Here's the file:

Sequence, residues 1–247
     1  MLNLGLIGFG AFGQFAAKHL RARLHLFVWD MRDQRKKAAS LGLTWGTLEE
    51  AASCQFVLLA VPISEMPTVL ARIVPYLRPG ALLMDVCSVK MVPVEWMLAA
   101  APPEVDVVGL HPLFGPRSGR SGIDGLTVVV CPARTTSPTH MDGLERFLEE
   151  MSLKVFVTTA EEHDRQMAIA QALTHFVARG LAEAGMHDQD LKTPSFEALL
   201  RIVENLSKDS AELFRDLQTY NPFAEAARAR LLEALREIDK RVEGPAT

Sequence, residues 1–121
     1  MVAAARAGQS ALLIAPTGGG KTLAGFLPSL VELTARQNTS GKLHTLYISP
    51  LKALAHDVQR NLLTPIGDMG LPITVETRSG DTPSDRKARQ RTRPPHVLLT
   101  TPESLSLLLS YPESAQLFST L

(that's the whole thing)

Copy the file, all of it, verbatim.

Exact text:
Sequence, residues 1–247
     1  MLNLGLIGFG AFGQFAAKHL RARLHLFVWD MRDQRKKAAS LGLTWGTLEE
    51  AASCQFVLLA VPISEMPTVL ARIVPYLRPG ALLMDVCSVK MVPVEWMLAA
   101  APPEVDVVGL HPLFGPRSGR SGIDGLTVVV CPARTTSPTH MDGLERFLEE
   151  MSLKVFVTTA EEHDRQMAIA QALTHFVARG LAEAGMHDQD LKTPSFEALL
   201  RIVENLSKDS AELFRDLQTY NPFAEAARAR LLEALREIDK RVEGPAT

Sequence, residues 1–121
     1  MVAAARAGQS ALLIAPTGGG KTLAGFLPSL VELTARQNTS GKLHTLYISP
    51  LKALAHDVQR NLLTPIGDMG LPITVETRSG DTPSDRKARQ RTRPPHVLLT
   101  TPESLSLLLS YPESAQLFST L